Writer, Editor, Educator
Creative thinker who sees the big picture and can convey complex content in a compelling manner
Passionate about real journalism, music, cybersecurity and
I'm a regular contributor to SC Magazine (as in Secure Computing or now known as cybersecurity). The scariest recent piece for me was learning no banking app is safe from being hacked! You can find my most recent SC articles here.
Other recent pieces are music-related, such as my liner notes for a 1957 live album by blues legend Big Bill Broonzy: how COVID-19 didn't hamper the vinyl manufacturing industry from pumping out records; Leonard Cohen's complex relationship with women, The Doors' ascendancy as the most popular American band coincided with its label Elektra Records had been located in the same building where I've taught for the past 8 years; and the night that Jim Morrison was kidnapped by his publicist.
I also argue in the New York State AAUP newsletter that higher education should use the pandemic to correct the gross inequalities that adjunct professors endure.
This site is a good representation of the various writing I've done over the past several decades. By no means is it complete, and especially missing are the hundreds of articles I wrote as a staff editor for various now-defunct print and online publications or others that never digitized their pages and/or decommissioned servers.
Trained as a journalist, I use my analytical skills in everything I do by coupling critical thinking with a creative flair. As a wordsmith, I find interesting stories in what others might consider mundane. My B2B journalism background is particularly helpful to companies in need of online content creation, media strategy, public relations or marketing materials. I've worked as a senior copywriter at a digital advertising agency, and marketing consultant for clients in the U.S. and Europe.
My favorite quote is from Albert Einstein: "I have no special talent. I am only passionately curious." The great scientist was obviously being humble, but as a versatile jack of all trades, I can relate to the sentiment. After writing thousands of articles over nearly four decades, being curious about everything serves me well. I have a knack for breaking down jargon for lay audiences. Editors tell me nobody pitch the story ideas that I do. I took Apple Computer's ad campaign to heart: I think differently.
At several publishing companies, I managed editorial and production staffs and budgets, meeting deadlines for large Fortune 500 enterprises to entrepreneurial startups. I jumped on the Internet in the early 1990s and have since worked in new media, but remain fond of print media and analog technology, despite my iPhone and iPad never being far away.
As an entrepreneur, I published and edited for 25 years and 100 issues a quarterly newspaper about the popular British television series EastEnders. I turned over the reins of the Walford Gazette to a contributor in the spring of 2018. The publication resulted in two successful self-published books, Albert Square & Me and Walford State of Mind, and a prototype magazine called UK:Cue, celebrating the cultural exchange between Britain and America in film, theatre & television that was backed by a successful Kickstarter campaign.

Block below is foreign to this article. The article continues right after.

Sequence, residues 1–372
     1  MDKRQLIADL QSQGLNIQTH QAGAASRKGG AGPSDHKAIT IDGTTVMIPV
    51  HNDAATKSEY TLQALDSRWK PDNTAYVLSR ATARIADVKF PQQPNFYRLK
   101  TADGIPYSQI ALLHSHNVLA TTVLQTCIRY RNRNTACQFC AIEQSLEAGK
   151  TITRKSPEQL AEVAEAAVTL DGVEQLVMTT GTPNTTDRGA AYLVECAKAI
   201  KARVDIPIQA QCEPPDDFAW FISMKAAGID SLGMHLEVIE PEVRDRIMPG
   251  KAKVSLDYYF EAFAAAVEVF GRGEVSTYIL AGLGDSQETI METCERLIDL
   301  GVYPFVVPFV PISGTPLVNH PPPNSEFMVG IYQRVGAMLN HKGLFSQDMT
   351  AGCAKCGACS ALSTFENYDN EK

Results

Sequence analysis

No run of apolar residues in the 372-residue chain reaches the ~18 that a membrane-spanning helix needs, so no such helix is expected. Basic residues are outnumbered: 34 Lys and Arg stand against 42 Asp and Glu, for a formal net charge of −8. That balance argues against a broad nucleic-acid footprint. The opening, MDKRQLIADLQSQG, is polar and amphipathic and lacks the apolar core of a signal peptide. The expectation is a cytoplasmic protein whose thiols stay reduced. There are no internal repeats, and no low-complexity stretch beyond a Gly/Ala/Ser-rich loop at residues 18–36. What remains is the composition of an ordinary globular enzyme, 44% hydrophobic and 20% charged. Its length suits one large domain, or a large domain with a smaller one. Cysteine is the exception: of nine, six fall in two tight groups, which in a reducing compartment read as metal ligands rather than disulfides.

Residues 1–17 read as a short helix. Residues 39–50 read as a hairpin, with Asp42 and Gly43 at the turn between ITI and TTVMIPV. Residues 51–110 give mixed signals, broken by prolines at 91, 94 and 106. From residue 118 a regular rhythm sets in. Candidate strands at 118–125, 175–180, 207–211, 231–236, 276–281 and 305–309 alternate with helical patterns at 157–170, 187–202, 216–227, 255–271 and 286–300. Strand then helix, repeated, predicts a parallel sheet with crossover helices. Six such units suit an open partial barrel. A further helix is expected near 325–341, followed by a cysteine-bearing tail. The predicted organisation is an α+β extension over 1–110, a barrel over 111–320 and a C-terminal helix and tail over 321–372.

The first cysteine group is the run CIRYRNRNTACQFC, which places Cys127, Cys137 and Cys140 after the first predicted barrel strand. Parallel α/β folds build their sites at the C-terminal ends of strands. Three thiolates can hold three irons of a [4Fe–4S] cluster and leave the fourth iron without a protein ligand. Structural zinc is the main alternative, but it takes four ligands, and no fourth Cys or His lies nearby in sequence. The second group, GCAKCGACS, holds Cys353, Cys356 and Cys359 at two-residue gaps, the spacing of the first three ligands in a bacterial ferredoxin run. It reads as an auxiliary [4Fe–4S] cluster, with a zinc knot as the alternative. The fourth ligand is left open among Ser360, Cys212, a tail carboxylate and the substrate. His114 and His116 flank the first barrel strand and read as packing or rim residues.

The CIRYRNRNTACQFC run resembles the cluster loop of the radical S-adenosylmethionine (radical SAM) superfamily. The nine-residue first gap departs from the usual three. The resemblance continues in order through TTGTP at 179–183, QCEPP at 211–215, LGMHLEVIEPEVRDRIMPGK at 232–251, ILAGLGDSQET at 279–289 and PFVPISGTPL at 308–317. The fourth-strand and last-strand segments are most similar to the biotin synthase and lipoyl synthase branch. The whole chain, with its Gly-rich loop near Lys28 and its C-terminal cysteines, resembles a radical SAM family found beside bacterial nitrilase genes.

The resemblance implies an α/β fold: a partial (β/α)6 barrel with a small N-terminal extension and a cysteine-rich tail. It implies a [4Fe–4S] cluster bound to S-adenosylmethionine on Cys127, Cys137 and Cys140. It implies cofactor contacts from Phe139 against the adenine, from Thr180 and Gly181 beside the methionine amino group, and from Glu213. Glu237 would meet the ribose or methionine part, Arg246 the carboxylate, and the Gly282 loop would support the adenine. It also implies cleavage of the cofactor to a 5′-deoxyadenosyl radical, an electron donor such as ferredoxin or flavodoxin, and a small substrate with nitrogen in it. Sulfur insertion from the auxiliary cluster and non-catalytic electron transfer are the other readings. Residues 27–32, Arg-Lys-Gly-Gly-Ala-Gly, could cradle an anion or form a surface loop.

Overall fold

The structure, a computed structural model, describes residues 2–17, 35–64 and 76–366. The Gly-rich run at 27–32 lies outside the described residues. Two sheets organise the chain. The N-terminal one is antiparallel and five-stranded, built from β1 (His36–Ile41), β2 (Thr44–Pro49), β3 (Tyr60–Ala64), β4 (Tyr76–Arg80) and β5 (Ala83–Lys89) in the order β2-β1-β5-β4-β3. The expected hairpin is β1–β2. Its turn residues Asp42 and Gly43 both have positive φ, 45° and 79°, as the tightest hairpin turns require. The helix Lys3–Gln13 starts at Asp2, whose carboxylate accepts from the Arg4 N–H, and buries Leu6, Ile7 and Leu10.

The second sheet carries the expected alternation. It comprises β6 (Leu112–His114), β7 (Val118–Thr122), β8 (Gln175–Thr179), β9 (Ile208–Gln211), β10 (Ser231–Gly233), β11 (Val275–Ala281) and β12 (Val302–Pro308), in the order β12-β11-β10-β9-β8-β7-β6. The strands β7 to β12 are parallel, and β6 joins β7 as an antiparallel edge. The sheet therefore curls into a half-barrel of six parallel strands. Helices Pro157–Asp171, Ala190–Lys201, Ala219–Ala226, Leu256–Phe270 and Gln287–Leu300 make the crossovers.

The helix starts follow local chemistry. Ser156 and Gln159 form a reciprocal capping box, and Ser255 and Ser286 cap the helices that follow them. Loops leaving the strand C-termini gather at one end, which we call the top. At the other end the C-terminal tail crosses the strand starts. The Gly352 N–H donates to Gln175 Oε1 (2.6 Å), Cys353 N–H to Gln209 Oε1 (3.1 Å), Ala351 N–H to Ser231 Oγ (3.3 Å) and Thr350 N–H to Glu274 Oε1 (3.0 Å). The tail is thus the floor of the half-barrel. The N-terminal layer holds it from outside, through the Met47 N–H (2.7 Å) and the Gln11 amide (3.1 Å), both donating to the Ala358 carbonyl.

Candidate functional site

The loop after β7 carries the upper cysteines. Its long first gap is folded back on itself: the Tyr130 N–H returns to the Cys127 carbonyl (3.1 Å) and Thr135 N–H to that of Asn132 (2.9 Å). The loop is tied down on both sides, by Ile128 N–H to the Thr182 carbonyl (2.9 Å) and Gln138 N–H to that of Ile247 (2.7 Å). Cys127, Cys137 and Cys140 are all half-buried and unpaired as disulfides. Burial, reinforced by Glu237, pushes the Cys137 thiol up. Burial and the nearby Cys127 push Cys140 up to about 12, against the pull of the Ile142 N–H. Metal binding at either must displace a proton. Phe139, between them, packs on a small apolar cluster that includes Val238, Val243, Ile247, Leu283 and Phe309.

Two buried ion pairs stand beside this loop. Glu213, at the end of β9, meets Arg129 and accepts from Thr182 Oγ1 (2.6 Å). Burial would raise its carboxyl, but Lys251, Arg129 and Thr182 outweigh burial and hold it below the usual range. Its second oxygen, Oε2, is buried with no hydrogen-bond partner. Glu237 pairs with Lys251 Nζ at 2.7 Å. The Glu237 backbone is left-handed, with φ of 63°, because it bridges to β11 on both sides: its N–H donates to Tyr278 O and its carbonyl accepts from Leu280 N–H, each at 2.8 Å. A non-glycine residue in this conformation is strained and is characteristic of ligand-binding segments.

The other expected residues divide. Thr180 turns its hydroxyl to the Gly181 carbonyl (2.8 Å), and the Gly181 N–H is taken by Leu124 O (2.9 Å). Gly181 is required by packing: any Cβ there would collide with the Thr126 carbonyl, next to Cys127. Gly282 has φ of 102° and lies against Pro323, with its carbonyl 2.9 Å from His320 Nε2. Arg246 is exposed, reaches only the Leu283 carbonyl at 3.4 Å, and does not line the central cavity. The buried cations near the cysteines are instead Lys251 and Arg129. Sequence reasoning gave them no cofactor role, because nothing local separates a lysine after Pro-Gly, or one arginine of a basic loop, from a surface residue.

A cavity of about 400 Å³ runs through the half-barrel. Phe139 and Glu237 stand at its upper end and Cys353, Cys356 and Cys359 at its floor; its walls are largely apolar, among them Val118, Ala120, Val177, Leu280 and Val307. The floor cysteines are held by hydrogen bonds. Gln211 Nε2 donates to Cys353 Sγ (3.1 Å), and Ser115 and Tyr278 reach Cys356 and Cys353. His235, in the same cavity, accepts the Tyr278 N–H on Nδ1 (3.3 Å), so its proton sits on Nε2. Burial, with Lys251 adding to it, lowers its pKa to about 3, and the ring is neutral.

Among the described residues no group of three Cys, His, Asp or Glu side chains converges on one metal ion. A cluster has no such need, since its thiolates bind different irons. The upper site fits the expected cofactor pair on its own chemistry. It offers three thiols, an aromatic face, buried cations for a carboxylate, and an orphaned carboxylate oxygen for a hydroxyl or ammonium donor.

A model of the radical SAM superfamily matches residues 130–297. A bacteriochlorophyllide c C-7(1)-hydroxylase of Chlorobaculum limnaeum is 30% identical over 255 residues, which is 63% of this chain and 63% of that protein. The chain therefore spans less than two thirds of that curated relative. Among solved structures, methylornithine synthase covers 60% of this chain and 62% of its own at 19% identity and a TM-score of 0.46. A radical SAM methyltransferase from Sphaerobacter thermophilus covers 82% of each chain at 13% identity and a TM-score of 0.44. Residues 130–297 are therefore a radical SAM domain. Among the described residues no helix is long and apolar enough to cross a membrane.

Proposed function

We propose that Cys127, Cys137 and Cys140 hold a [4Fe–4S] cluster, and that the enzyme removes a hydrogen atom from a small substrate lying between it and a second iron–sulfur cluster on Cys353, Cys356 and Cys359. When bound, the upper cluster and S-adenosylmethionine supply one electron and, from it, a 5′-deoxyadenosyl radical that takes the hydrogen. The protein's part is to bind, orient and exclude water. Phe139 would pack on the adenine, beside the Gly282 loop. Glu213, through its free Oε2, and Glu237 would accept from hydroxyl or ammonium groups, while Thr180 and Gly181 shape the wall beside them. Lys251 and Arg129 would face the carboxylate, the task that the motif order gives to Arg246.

As a college professor specializing in communication arts, my goal is to get media students to think like journalists, much in the way Professor Kingsfield’s objective in the 1970s law school drama The Paper Chase was to get them “think like lawyers.” I first taught on the college level in the mid-1980s, after which I concentrated on my magazine publishing career. I returned to the classroom in 2013 with the goal of improving my students' media literacy.
Obviously, the technology available in the digital age is far greater than it was in 1986. We now explore how photographs, text, graphics, and audio, as well as data visualization tools, bring to life compelling stories on computer screens and mobile devices. But the key – no matter what medium – remains vivid writing and coming up with a compelling story.
2013 - Present
Adjunct Assistant Professor, New York Institute of Technology
• Courses developed and taught from Jan. 2013 to present include:
JOUR 101; Narrative Storytelling; Digital Storytelling; Crisis Communications (graduate course); Student newspaper advisor; Advertising Copywriting; and Advanced Public Relations
• Honored as NYIT Faculty Scholar 2015 to 2020
Adjunct Instructor, St. Joseph's College, Jan. 2015-Dec. 2018
• Global Reporting; Social Media in Theory & Practice; Broadcast Reporting; Sports Reporting; and The Business of Media
Adjunct Instructor, Borough of Manhattan Community College
• English 101 (Fall 2019 semester)
Conference Chairman, Making Vinyl
• Co-Founded in 2017 B2B conference that celebrates the global rebirth of the record manufacturing industry.
•Conceive program theme, invite keynoters and other speakers,
edit program guide, write marketing and website copy
• Ran 4 successful events, two in Detroit, one in Los Angeles, and one in Berlin
2010 - Present
1986 / JUNE
Pennsylvania State University
Graduated with M.A. in Journalism
Awarded Graduate Assistantship for my year
Taught JOUR 101 and popular culture courses
Master's project on how MTV changed the record industry
Studied empirical research methodology
1980 / JUNE
Graduated with B.A. in Communication Arts, Journalism
Minored in Sociology
Editor-in-chief, Hofstra Chronicle: awarded by Society of Collegiate Journalists the Best Weekly Newspaper in '79-'80 during my tenure
Who's Who Among American College & University Students, 1980
In 1983, completed continuing-education paralegal course in legal research at Hofstra School of Law